They older kids liked Stratton and it really has everything you might want. There are number of complexes to stay and relax in. We stayed at the Black Bear Lodge which was just outside of the main area of Stratton. I had been to Stratton before to attend the Wanderlust festival and this was different for me because it was a nice quiet time to visit the park we were there midweek during the summer and there were no concerts or festivals going on.
Mountain golf is a great way to experience the course, see the real beauty of Stratton. Pearl Buck had a house on this course. Close to the course there is a fitness center, that includes a gym and pool. If you have the chance to ride their e-bikes you should take it. An e-bike is a motorized bike that gives you extra pedaling power and it feels like you are riding a mini-motorcycle on the trails of the mountn. With all of the things to do it’s easy to forget that a hike has real power to lift your spirits and give you a workout. We took a break and packed a lunch and plenty of water and climbed up Stratton for a beautiful view. We had to watch out for the bee’s and everywhere we looked there were yellow and orange butterflies.The air was so fresh and clean it was a perfect picture with a mountain stream running down across the mountain.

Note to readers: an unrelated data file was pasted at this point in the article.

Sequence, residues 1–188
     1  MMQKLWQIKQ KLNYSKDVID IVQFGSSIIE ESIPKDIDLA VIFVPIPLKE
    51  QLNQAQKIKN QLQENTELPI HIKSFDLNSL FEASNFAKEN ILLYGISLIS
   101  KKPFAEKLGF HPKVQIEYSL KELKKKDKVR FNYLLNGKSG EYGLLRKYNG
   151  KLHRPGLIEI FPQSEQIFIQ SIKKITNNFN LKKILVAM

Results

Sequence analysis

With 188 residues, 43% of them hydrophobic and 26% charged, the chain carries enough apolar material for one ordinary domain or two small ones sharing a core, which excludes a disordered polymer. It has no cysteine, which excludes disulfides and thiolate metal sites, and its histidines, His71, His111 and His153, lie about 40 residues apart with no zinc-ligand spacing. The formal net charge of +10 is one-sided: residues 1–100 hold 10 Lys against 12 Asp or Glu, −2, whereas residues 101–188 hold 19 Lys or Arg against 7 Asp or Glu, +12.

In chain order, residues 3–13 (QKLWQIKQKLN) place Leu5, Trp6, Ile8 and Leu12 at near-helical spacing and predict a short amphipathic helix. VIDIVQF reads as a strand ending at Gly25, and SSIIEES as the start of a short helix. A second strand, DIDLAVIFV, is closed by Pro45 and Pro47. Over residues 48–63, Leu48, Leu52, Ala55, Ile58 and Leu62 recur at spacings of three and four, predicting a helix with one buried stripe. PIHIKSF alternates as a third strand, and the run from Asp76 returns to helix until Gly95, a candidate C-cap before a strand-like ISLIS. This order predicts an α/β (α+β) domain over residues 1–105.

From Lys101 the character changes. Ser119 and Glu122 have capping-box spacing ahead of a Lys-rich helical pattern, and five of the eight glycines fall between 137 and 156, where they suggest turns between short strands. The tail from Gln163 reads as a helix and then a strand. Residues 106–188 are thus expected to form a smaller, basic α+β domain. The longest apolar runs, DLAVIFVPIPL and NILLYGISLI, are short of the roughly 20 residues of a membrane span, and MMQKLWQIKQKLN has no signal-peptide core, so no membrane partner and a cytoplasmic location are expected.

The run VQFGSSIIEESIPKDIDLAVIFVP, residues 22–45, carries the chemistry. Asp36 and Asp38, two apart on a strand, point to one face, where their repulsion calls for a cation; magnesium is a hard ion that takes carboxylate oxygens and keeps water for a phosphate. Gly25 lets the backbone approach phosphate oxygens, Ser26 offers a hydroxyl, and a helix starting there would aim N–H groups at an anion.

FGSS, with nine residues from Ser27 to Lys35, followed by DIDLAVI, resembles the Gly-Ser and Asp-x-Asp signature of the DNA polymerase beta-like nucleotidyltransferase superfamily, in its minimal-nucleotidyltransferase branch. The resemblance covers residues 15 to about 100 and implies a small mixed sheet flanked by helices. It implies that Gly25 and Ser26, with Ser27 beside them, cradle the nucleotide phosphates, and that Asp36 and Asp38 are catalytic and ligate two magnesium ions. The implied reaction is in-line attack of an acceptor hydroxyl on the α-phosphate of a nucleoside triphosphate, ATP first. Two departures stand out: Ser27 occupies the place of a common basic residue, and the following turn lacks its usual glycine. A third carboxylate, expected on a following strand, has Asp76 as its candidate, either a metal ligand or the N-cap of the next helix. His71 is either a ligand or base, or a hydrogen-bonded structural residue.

Stratton was self contained outdoor adventure along with the village shops where you can plan go out to dinner and do some shopping.
Heading farther up north in Vermont we stopped at Okemo, which has a fabulous lodge and restaurant and accommodations. Okemo was also another self contained place for the kids and for mom and dad full of adventure. At Okemo they call it Adventure Zone which has a Zipline, Obstacle Course, Segway® Personal Transporters.
The Segway® Personal Transporters were super cool once you got the hang of them. They are a unique mode of transportation and a great way to see Vermont! They use a gyroscope to balance. They are eco-friendly, easy to use, and hardly make a noise.
We took a tour through a mountain obstacle course after we had a demonstration and safety orientation. Then we checked outed the Sawyer’s Sweep Zipline Tour. This is located on the mountain behind the Jackson Gore Inn, and features seven zipline segments that rise 40 to 50 feet above the ground. The tours are about two hours long and split into small groups with guides. Each guest has a tight fitting harness and gets the right amount of safety instructions for riding the ziplines. You are brought up by van to the moutain and start at the first of seven ziplines that are connected by treetop platforms, two bridges and three rappels. The longest of the lines is 900 feet, and riders can soar at speeds up to 30 mph as they descend nearly 300 vertical feet from start to finish. Also Okemo summit is a great hike in the summertime. And don’t miss the farm to table experience there all the food is delicious and just like the other resorts there are great festivals and events throughout the year.
Out last stop was Killington Mountain Adventure Center.